Cobalt prices have corrected sharply from 2022’s peaks on the back of higher supply and a downturn in demand.
Last year, cobalt mine output saw its largest increase ever, jumping 23 percent year-on-year, Darton Commodities says in its 2023 Cobalt Market Review. The Investing News Network recently spoke to Andries Gerbens, physical trader at the firm.
“Following a high price environment in 2021 all the way through early 2022, the (cobalt) demand outlook was extremely strong, which encouraged a lot of mining companies to try and maximize their output,” he explained.
“A significant increase in cobalt mine production in the Democratic Republic of Congo (DRC), combined with a significant increase in mixed hydroxide precipitate production in Indonesia, added a lot of additional cobalt units to the supply base.”
In 2022, the DRC remained the top cobalt producer, increasing its share of global mining to 76 percent despite an escalation in output from Indonesia. Companies operating in the African country — including Glencore (LSE:GLEN,OTC Pink:GLCNF), Zhejiang Huayou Cobalt (SHA:603799) and ERG — contributed to the jump.
Post-COVID-19 lockdowns and disruptions, there was a bit of a “catch-up” phase in cobalt supply, with overall production climbing by 42 percent over the 2020 to 2022 period, according to Darton Commodities data.
“Larger-than-expected supply and sort of disappointing demand developments, or at least demand not growing at the rate that people were generally expecting, has led us to the situation we’re in right now,” said Gerbens in an interview on the sidelines of this year’s Battery Gigafactories Europe event, hosted by Benchmark Mineral Intelligence.
Even though cobalt prices have seen some recovery, the outlook has “dramatically changed” in a short period of time. “But as always with cobalt, that’s the current situation, but then things can change again very, very quickly,” he said.
Between 2022 and 2025, Darton Commodities is forecasting that global mined output will grow an additional 39 percent.
China’s grip on the cobalt market
A topic that continues to gather attention is China’s dominance over certain parts of the lithium-ion battery supply chain, and the cobalt market is no exception. In 2022, China refined a whopping 91 percent of the world’s cobalt chemical supply and accounted for 76 percent of global cobalt refined production.
When it comes to mining, China doesn’t contribute as much from domestic resources, with output reaching only 2,200 MT in 2022, data from the US Geological Survey shows. However, in its latest report, Darton Commodities notes that even though the DRC is the top cobalt-producing country, seven of the top 10 cobalt miners are China-owned.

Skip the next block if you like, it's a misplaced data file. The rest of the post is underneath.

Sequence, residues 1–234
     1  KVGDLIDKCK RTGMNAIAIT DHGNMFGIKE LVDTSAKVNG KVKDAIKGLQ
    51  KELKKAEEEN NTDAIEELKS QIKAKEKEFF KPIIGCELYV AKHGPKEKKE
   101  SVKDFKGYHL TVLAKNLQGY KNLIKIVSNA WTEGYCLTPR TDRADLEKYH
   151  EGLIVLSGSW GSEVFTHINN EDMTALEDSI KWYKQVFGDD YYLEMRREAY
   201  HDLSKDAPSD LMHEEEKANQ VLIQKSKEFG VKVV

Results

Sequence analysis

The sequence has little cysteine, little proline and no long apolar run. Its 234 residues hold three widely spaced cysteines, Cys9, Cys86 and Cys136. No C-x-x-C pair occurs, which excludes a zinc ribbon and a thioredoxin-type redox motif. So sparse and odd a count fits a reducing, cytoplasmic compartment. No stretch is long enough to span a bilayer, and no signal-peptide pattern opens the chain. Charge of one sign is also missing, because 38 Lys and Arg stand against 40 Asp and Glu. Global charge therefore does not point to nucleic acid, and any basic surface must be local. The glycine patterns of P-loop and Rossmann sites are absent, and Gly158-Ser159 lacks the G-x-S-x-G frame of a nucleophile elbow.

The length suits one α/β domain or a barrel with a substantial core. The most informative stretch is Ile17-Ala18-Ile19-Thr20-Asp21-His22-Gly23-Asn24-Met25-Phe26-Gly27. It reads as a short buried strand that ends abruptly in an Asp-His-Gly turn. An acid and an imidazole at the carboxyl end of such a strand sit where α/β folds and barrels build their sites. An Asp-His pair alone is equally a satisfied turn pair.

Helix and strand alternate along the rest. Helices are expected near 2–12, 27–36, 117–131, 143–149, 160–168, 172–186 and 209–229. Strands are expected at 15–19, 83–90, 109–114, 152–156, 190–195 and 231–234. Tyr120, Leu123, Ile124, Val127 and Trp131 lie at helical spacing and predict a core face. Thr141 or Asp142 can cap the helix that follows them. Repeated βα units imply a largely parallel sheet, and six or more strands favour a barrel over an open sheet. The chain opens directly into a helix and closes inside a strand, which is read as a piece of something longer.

Could this number increase even more? “There’s still a growing interest, within China itself, possibly even from the refiners, to integrate into mining, and therefore it would only make sense for them to be looking at DRC operations,” Gerbens said.
With recent developments, and with the approach that the DRC government is taking towards some Chinese mining companies right now, he sees bit of a change taking place.
“It may not be as straightforward as it was before, where it was automatically assumed that if there’s a new asset most likely it’s going to be Chinese owned, or it’s going to be the purchase by a Chinese company,” he said.
Security of supply and reducing dependence on Asia when it comes to the battery supply chain have been top of mind for governments around the world. Legislation such as the US Inflation Reduction Act and the European Critical Raw Materials Act are just two examples of the efforts being made to build resilient value chains.
“I would imagine that these will help support diversification in the sense that previously certain mining projects, either in North America or in Europe, were not financially viable,” he said. “Now, under these new acts, the potential support that might come from that is probably going to be supportive for the development of a mining and refining industry outside the well-known places that we’ve seen today.”
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